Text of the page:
Author Topic: Why do miseries come and go?  (Read 7155 times)

Subramanian.R

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Why do miseries come and go?
« on: February 07, 2010, 09:31:00 AM »
Once Devaraja Mudaliar observed that a devotee who had come to
the Asramam lose his bag containing money, plantain fruits and
some clothes.  The monkeys had taken them when he had left the
bag near the office.  He became very said since he had lost all
money and there was not even any money for his return journey.
All devotees took pity on him.  Devotees were asking among themselves why these miseries when a devotee had come for
Bhagavan's darshan.  This was informed to Bhagavan also.  Bhagavan, as usual, kept quiet.

After some time, the monkeys which had taken only the fruits threw away the bag and the devotee picked it up with great joy.

Devaraja Mudaliar (who was never tired of asking questions to
Bhagavan), asked Bhagavan Ramana: "Bhagavan!  Why these miseries first come about and why these miseries go away after
a period of anxiety and sorrow.  If God had been kind, why should
the miseries happen at the first instance?"

Bhagavan Ramana replied, after some silence:  "Unless such miseries happen and then go away, the human beings will not
think about God and his grace!"  Devaraja Mudaliar was pleased
with the answer.

*

Without a seed, You shall grow grains and harvest them.
You shall make and unmake the worlds at your sheer will.
You have made this lowly dog, stand at the gates
of Your Temple like a man in frenzy.
You made this wastrel to be loved by all your great devotees.
Will You ( a gardener) cut off the tree that he has grown,
Just because it produces poisonous fruit?
I am also like that, O my Lord.

  - Tiruchadakam, Holy Hundred. Verse 10.6.  Tiruvachakam.
    Manikkavachagar.

(Source:  My reminiscences - Devaraja Mudaliar.)

Arunachala Siva.

SLakshmi

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Re: Why do miseries come and go?
« Reply #1 on: February 07, 2010, 04:37:01 PM »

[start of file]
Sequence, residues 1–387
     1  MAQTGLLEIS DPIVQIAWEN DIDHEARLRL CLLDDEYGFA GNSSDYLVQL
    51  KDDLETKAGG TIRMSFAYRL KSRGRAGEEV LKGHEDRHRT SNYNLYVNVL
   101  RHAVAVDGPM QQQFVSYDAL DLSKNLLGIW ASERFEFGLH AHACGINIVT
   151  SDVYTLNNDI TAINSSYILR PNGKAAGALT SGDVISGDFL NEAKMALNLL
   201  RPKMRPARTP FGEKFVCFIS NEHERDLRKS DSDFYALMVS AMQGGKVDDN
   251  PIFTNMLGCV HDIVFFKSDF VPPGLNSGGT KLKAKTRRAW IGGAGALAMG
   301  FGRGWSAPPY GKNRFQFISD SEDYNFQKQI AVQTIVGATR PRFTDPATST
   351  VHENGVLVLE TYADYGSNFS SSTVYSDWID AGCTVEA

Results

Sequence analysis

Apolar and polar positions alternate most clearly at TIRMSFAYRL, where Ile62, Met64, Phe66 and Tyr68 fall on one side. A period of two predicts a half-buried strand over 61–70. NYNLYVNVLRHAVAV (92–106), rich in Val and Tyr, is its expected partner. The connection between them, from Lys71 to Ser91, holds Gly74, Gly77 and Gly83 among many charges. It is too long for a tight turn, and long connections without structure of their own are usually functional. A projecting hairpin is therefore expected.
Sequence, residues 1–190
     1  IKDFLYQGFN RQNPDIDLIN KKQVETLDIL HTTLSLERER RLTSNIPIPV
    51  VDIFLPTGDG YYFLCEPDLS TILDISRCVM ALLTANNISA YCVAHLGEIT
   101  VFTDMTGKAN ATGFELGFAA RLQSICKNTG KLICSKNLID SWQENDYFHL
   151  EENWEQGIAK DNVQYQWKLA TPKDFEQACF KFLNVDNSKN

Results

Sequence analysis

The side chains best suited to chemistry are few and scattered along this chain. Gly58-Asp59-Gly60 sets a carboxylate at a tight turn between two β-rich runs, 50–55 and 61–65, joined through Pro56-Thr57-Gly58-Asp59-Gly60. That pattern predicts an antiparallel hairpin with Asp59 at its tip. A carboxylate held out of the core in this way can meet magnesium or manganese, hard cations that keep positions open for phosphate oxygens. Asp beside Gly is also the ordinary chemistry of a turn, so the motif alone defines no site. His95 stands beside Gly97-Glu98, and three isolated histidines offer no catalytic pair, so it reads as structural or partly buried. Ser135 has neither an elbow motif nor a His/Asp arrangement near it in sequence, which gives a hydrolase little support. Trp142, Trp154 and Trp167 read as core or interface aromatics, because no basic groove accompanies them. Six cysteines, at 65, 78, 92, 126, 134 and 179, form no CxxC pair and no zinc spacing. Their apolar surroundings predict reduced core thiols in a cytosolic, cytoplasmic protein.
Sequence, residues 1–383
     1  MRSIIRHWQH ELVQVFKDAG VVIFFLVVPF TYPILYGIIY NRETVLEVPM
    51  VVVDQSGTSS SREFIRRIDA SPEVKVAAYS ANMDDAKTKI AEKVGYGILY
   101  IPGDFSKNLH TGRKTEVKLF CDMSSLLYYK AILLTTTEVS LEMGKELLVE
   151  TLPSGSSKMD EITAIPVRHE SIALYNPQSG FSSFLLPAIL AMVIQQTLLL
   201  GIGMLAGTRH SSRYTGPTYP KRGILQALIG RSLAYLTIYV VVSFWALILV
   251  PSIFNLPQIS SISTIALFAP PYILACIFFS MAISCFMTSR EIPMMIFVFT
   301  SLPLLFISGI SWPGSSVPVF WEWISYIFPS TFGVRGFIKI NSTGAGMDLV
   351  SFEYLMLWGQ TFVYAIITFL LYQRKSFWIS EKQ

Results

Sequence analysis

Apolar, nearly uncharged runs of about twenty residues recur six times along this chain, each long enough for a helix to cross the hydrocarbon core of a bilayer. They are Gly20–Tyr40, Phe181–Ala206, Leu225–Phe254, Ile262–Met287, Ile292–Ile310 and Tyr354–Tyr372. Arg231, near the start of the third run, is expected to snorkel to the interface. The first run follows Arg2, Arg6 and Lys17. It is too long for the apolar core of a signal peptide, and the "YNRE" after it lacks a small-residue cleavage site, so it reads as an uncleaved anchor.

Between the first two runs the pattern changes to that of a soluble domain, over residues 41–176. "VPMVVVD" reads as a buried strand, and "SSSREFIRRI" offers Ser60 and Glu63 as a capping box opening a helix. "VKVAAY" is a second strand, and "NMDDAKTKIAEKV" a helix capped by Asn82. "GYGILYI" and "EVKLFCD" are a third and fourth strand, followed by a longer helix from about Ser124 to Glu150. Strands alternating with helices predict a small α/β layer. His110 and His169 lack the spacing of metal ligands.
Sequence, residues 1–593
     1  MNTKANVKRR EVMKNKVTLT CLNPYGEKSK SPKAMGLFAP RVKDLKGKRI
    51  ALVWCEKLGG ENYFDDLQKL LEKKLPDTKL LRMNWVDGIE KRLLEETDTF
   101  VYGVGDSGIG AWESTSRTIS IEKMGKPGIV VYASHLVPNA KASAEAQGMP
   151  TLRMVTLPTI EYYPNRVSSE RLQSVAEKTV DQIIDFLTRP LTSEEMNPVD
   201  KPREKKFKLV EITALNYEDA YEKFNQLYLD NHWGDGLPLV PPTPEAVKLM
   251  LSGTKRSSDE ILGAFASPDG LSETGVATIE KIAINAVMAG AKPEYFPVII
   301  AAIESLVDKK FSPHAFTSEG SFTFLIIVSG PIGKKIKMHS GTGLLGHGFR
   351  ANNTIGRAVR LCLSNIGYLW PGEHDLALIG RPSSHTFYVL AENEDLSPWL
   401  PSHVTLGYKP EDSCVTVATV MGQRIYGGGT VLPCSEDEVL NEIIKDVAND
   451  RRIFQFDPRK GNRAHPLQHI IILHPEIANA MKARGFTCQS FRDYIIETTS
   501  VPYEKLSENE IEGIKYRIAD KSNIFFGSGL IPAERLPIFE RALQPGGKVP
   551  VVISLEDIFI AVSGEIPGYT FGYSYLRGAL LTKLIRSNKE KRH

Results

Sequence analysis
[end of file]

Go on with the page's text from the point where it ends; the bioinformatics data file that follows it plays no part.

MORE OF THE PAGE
Subramaniam Sir,

this episode reminds me of a conversation between bhagavan and a devotee. I remember reading it somewhere and although not verbatim, the gist of the conversation was something like this..

Devotee: bhagavan, whenever some painful moments trouble me, i think of god and slowly it all vanishes..

Bhagavan: Imagine, if you always thought of god, nothing would even trouble you in the first place!


Subramanian.R

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Re: Why do miseries come and go?
« Reply #2 on: February 07, 2010, 06:08:38 PM »
Dear SLakshmi,

If one always thinks about God, he will develop a high level
of surrender and non-attachment.  So for such a person, even
if miseries come, 1) God will quickly remove them or make them
become "thin" so that he can put up with them.  or 2) he will
never "feel" the miseries at all.  If they come or not, what does
he bother?

1) This is often said in Saiva Siddhantam.  Prarabdha will be
"thinned", so that what comes for the head will take away only
your helmet and you will be safe, but for the damage to the
helmet!  There is one story of a boy eaten away by a crocodile
and brought alive after five years by Sundaramoorthy Swamigal,
one of the first 4 of Saiva devotees.  The detailed story later.....

2)  This is often said by Bhagavan Ramana.  Miseries would come
because of Prarabdha, but you would have overcome your mind-
body consciousness, that you will not "feel" them.  All pains and
miseries, why, even happiness and pleasures are only for the
mind and body.  Is it not?

Arunachala Siva. 

SLakshmi

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Re: Why do miseries come and go?
« Reply #3 on: February 08, 2010, 09:07:19 AM »
 I think there have been several instances of such grace by bhagavan. Of the many..i can recall bhagavan asking one of his childhood friend, rangan, to stay with him for a period of few days, when the time according to his horoscope was not good. Also, the same rangan when faced with sleepless nights was woken up by bhagavan and assured that the thing troubling him will soon be resolved. Accordingly, rangan got a job of Rs.10,000 p.a and was able to get his daughters married.

I think everywhere, at all times, people have faced the same problem. Even today, when [touchwood] the world is without war, people have jobs that pay well [IT is an instance], home-loans are easier and luxury appartments are a necessity [what with power-back up and all] dont we still moan and groan that what we get isnt enough! The other day when i was having a conversation with a neighbout friend, she told me not to romantacise the past era. She said women had it very difficult, there was poverty everywhere, war was looming large, people had big families and ofcourse joint-family system had its own travails! But i say...how better are we now?! Malgudi days for instance was a big hit...ofcourse because of the story but also because of its innate simplicity..which is so lacking today. Everything being glitzy and glamorous..the beauty of innocence and just being true and simple is lost. I think today...whatever problems we face,especially economically or otherwise is our own doing and because of our own unrealistic aspirations...which never seem to be satiated.